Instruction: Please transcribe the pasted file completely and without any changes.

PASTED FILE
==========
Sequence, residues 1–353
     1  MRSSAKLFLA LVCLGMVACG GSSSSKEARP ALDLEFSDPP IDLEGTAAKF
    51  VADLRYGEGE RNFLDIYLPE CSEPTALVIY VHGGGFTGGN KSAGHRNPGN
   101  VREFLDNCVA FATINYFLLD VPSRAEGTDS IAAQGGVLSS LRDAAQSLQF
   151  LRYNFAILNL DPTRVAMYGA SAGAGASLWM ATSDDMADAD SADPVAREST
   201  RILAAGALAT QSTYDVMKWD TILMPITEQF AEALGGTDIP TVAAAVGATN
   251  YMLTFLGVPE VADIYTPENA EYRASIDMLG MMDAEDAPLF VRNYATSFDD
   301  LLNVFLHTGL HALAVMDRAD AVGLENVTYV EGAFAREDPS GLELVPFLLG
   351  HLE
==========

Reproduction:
Sequence, residues 1–353
     1  MRSSAKLFLA LVCLGMVACG GSSSSKEARP ALDLEFSDPP IDLEGTAAKF
    51  VADLRYGEGE RNFLDIYLPE CSEPTALVIY VHGGGFTGGN KSAGHRNPGN
   101  VREFLDNCVA FATINYFLLD VPSRAEGTDS IAAQGGVLSS LRDAAQSLQF
   151  LRYNFAILNL DPTRVAMYGA SAGAGASLWM ATSDDMADAD SADPVAREST
   201  RILAAGALAT QSTYDVMKWD TILMPITEQF AEALGGTDIP TVAAAVGATN
   251  YMLTFLGVPE VADIYTPENA EYRASIDMLG MMDAEDAPLF VRNYATSFDD
   301  LLNVFLHTGL HALAVMDRAD AVGLENVTYV EGAFAREDPS GLELVPFLLG
   351  HLE